Beaverton, a Heritage Community, for Sure!
The Beaver River meanders through fertile fields to its mouth at Lake Simcoe where 3000 years ago it was the yearly camping grounds of native people as was Thorah Island 3 miles offshore. Indian artifacts found on these sites date back to that time. Just to the north a plaque on the bridge over the Talbot River reminds us that Champlain passed this way in 1615. Of course, the century-old Trent Severn Waterway is nearby.
In the 1820s settlers, mostly from Scotland, began arriving and a thriving village sprang up. On the site of the first mill, was a four-storey brick mill built in 1863 at the end of the business section. Unfortunately, this mill burned in 1978.
A stone jail was built in the late 1840s in response to a law that every unincorporated village had to have a lockup. Situated along the river, it was moved in 1995 to Centennial Park to preserve it from demolition for a bank parking lot!
The construction of St. Andrew’s, a stone church, was begun in 1840 by the Church of Scotland congregation. Even today, the “Old Stone Church” has regular summer services. Recently, this building was designated a National Historic Site. Thirty some years ago it received provincial designation.
Several other buildings of early times still survive, and of course, many beautiful homes of the late 19th Century line the streets. In 1984, Beaverton’s Centennial year, plaques were placed on more than 40 century-old buildings.
Two early 20th Century public buildings form the centre hub of town. The Beaverton Library, built with Carnegie Foundation funds and in the style of other Carnegie libraries was built in 1912-13. It now has a beautiful addition called the “Peg Baillie Wing”. The Town Hall, built 1910-11, is in use but not for municipal purposes. The “Town Hall Players” a community group of actors perform musicals and plays regularly in its auditorium which was decorated and brought up to standards by volunteers.
Behind the Library and Town Hall is Alexander Muir Park, so named in honour of the composer of “The Maple Leaf Forever” who was principal at Beaverton’s North Street School during 1876-79.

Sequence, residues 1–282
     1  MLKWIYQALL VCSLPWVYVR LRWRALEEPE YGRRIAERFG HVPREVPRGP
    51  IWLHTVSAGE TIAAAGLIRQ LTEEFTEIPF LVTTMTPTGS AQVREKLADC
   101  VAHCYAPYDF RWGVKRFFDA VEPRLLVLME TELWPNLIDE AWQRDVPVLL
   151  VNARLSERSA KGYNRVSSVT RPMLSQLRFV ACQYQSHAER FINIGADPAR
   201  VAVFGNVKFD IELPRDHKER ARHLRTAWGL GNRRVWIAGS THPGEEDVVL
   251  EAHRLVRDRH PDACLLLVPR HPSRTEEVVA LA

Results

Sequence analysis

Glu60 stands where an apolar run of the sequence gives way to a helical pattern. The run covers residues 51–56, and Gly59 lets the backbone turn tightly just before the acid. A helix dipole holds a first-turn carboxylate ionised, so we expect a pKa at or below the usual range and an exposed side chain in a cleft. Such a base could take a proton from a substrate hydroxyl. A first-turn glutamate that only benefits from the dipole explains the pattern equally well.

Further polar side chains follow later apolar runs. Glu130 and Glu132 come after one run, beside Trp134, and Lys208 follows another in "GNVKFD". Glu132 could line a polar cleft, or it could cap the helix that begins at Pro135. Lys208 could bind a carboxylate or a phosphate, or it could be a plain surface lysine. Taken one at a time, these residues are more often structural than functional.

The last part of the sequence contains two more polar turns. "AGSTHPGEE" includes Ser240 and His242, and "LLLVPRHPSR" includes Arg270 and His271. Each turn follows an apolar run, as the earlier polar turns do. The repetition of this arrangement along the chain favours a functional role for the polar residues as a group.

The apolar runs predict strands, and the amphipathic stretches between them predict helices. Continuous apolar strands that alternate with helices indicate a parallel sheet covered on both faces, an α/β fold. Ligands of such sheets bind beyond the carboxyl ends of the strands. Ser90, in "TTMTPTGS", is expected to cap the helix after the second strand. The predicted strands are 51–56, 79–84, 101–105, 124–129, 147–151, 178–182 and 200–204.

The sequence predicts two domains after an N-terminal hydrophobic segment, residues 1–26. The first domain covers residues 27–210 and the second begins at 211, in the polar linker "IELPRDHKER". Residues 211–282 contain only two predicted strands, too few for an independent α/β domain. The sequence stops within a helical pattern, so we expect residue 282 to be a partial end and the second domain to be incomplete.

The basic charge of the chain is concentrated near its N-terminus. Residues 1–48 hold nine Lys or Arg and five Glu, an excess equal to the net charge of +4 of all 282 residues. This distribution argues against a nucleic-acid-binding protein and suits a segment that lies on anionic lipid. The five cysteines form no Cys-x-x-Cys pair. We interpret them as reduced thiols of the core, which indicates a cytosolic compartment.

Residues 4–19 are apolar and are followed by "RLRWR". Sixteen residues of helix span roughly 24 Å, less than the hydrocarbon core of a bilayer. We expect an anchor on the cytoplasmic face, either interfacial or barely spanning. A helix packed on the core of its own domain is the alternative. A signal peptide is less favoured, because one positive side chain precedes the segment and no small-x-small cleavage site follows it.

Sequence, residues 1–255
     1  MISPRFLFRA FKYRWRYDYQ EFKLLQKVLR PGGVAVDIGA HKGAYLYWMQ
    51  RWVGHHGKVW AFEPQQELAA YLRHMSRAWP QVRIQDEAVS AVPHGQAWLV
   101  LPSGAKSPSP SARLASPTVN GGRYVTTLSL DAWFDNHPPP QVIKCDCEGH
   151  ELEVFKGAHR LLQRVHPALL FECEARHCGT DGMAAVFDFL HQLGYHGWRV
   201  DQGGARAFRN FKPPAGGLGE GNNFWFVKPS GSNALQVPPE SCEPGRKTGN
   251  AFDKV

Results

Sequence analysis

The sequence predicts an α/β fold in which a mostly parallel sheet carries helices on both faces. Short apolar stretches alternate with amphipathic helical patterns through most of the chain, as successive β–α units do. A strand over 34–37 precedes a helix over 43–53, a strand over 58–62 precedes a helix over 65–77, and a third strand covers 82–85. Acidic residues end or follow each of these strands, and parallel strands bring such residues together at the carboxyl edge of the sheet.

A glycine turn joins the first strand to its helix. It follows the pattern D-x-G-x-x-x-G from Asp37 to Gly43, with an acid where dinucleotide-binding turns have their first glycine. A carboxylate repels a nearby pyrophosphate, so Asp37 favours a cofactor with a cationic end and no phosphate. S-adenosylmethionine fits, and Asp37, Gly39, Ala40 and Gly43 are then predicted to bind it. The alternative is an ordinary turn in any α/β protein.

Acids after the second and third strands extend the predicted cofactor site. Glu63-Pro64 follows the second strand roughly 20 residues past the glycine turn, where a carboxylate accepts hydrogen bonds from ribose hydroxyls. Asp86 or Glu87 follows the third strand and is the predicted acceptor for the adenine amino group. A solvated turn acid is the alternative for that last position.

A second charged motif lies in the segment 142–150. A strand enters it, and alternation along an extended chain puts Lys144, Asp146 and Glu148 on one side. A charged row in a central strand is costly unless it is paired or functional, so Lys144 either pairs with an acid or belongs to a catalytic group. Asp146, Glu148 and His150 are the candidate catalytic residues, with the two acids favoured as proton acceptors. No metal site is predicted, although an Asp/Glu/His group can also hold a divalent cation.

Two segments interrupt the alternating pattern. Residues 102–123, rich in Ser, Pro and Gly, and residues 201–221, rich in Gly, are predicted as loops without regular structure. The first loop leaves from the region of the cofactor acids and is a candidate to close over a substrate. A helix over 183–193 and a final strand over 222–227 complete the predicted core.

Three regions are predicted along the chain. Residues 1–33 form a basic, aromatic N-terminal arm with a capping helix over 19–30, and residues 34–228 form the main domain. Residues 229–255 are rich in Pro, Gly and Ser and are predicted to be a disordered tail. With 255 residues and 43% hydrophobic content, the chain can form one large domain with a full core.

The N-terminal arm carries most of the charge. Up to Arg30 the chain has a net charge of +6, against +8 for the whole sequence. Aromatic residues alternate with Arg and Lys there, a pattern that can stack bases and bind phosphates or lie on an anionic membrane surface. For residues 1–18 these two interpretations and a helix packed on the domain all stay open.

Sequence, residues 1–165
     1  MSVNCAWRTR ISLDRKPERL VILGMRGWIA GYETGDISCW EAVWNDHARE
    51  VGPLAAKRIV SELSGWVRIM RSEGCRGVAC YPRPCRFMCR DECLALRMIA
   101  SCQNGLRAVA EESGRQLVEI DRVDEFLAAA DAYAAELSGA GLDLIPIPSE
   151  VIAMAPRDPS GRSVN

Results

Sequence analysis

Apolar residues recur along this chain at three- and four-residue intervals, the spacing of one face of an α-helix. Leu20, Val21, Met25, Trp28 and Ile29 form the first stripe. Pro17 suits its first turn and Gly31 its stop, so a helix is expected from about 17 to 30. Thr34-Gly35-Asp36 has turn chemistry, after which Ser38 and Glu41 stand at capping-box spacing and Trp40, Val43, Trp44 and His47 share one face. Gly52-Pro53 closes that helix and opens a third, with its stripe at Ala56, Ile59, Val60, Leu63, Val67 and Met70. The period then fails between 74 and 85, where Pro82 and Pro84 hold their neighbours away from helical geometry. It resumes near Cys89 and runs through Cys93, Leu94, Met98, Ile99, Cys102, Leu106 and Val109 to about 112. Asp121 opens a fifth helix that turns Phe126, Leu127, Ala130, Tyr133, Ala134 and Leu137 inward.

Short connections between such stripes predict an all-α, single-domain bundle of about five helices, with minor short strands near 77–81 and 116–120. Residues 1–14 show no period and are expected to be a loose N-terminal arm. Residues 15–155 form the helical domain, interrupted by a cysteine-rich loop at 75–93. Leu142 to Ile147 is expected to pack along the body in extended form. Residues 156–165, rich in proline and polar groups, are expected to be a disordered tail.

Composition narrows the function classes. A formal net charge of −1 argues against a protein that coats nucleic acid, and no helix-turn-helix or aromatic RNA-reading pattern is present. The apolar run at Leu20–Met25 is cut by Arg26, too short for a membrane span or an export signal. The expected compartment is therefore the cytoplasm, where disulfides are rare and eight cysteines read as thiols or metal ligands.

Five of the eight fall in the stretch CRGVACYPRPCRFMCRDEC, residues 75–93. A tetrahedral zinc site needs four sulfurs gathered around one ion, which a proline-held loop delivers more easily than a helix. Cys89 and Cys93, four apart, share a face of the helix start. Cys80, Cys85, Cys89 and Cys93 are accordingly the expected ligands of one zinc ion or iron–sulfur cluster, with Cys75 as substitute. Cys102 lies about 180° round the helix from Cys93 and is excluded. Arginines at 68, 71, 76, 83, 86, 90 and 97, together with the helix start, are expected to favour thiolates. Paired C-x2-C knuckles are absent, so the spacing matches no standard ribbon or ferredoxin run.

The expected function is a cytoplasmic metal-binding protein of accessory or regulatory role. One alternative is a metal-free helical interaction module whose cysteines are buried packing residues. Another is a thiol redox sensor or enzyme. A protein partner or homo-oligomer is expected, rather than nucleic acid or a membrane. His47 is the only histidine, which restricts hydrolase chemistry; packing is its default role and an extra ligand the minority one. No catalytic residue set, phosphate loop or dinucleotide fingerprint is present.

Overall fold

Three of the churches, still being used, date from the 1870s, each unique in its design. St. Paul’s Anglican Church has very beautiful stained-glass windows. Two other places of worship were built in the early 20th Century; one of these, the Beaverton Presbyterian church has been replaced with a new building and the name Beacan Presbyterian Church. Simcoe Street still features many 19th Century buildings housing retail stores. The former Hamilton Hotel, dating from the 1860s is a very imposing structure on the main street.
Celebrating our heritage is the mandate of the Beaverton Thorah Eldon Historical Society. Programs, such as an historical walking tour and a “Then and Now” presentation are offered to the general public and the local school classes. Classes tour the museum buildings, as do many residents and visitors to the town. Two books about the history of the Beaverton area have been written by the Historical Society. The Beaverton Story: Harvest of Dreams focuses on the early residents of the area. Continuing Dreams: The Second Beaverton Story continues the development story of the area but also showcases life in the early part of the 20th century.
Canada Day celebrations certainly have a heritage flavour. During 2009, Beaverton’s 125th year of incorporation was celebrated. Two murals were created that year to highlight this community’s past.
The Beaverton Fair has been held continuously since 1853. Ice fishing is a sport still popular since early times. Cottagers have been coming to the local beaches since the late 1800s.
While ‘Beavertonians’ are proud of the artists, athletes and entrepreneurs who have been on the more recent scene, we acknowledge from our past the accomplishments of William St. Thomas Smith, one of Canada’s finest marine artists, the Checkers Lacrosse team who won the Ontario Intermediate Championship in 1899, and A.P. Cockburn who, as head of the Muskoka Lakes Navigation Company, did much to open up that part of Ontario.
Today’s Beaverton, a caring community, has most of the amenities needed for a modern society. However, there are also many reminders of a very rich history of an eventful past
Author: Helen Alsop